Ask the expert: what is age-related macular degeneration (AMD)?

Almost two million people in the UK live with sight loss, with around 360,000 registered as blind or partially sighted. Age-related macular degeneration (AMD) is one of the most common causes of blindness in the UK and the leading cause of sight loss in those aged 55 and over. 

Raising awareness of the signs and symptoms of AMD can help people get the treatment they need, while continued research and innovation will hopefully someday prevent blindness caused by AMD. Here we’ll explore how AMD presents, what treatments are available today and what treatments are on the horizon. 

What is AMD?

AMD refers to damage caused to the macular, the central part of your retina, which is a light-sensitive layer of tissue at the back of your eyes that allows you to see. The macular is essential for your central vision ie your ability to see things directly in front of you, such as when reading, driving or performing any number of everyday tasks. 

As the name suggests, AMD causes increasing damage to your macular with age, through general wear and tear. This causes a loss of your central, detailed vision, whether you’re looking at something close-up or far away. Meanwhile, your peripheral (side) vision will remain normal.

There are two types of AMD — dry AMD and wet AMD.

What is the difference between dry AMD and wet AMD?

Dry AMD is the most common type of AMD, accounting for around 80% of AMD cases. In dry AMD, part of your macular becomes thinner and clumps of a substance called drusen collect under your retina. Over the years, as your retina wears out, you will lose vision in patches, with the patches gradually getting larger. These patches can join together over time causing a large central blind spot. 

Some people with dry AMD will go on to develop a more aggressive type of AMD called wet AMD. Wet AMD accounts for around 20% of all AMD cases. Dry AMD becomes wet AMD when new blood vessels grow under the retina. These blood vessels do not grow properly and are leaky. As they leak blood and other fluids, they damage and scar the macular. Sight loss from wet AMD occurs faster than with dry AMD.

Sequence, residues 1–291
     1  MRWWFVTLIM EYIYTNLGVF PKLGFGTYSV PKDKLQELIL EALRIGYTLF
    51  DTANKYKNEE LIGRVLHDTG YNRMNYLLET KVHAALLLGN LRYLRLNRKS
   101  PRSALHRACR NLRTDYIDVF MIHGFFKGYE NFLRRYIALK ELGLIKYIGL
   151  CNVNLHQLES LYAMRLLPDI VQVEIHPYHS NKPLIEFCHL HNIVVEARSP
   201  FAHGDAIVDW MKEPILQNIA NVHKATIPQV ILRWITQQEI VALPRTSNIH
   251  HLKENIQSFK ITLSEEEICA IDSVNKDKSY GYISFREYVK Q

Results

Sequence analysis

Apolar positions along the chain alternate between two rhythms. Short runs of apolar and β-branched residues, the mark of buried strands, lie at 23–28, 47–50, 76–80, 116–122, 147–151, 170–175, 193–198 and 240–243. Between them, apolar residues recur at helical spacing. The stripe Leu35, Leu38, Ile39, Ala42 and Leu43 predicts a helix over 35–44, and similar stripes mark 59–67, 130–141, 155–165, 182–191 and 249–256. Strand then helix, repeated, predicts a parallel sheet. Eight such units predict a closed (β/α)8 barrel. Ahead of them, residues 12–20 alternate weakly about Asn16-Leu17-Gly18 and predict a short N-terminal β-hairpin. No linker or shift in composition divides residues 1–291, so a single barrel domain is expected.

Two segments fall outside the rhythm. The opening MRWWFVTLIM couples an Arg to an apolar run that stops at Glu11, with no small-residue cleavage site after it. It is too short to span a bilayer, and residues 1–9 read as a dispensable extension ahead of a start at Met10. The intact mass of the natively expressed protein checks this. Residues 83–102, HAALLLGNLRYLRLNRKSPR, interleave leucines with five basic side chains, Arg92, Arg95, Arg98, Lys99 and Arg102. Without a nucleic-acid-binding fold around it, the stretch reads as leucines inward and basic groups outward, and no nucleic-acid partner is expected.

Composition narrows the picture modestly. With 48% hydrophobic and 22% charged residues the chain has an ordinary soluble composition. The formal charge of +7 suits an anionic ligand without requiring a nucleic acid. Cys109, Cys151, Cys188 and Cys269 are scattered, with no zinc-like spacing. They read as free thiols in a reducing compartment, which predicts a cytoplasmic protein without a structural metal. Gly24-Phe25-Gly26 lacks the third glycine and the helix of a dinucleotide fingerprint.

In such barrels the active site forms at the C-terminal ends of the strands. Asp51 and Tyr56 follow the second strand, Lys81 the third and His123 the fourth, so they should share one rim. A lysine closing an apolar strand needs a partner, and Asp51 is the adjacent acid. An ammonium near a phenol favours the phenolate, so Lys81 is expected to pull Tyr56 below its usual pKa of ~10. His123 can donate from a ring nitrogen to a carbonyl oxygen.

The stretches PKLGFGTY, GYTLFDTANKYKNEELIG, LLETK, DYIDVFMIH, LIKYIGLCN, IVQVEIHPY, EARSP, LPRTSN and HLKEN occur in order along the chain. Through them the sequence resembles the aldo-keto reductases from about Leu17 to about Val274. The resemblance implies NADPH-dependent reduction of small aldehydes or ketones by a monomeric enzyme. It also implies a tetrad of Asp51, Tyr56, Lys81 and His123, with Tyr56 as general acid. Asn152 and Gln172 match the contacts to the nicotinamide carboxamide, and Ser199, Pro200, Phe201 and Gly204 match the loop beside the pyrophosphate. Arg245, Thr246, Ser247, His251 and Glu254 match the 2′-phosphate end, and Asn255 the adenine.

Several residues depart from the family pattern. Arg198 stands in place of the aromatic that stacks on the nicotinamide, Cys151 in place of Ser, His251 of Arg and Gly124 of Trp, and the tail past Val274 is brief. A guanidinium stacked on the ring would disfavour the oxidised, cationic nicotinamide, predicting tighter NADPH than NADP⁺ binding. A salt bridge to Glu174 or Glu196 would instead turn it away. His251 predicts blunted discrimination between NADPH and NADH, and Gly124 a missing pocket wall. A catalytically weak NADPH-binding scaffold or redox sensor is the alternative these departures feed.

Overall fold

How is AMD currently treated?

There is currently no treatment for dry AMD. However, vision and lifestyle aids can help manage your symptoms, such as magnifying glasses, brighter lighting, large print books and various digital apps. 

Wet AMD is currently treated with injections of anti-VEGF (vascular endothelial growth factor) drugs into the eyeball every four to eight weeks. These drugs help reduce the number of abnormal blood vessels that grow under the retina and slow any leaking from them. 

Who is at risk of AMD?

Your risk of developing AMD increases the older you get, with those aged 55 or over being most at risk. Other risk factors include being overweight, smoking, and having cardiovascular disease, high blood pressure, high cholesterol and/or a family history of AMD. 

What are the symptoms of AMD?

In the early stages of AMD, you may notice distortions in your vision, such as straight lines appearing bent or letters appearing blurry. You may find it difficult to adjust to low lighting and that you often need brighter lighting. As the condition progresses, you may find it difficult to recognise faces. 

If you have wet AMD, you may additionally notice a blurred or dark spot in your field of vision and your vision becoming hazy.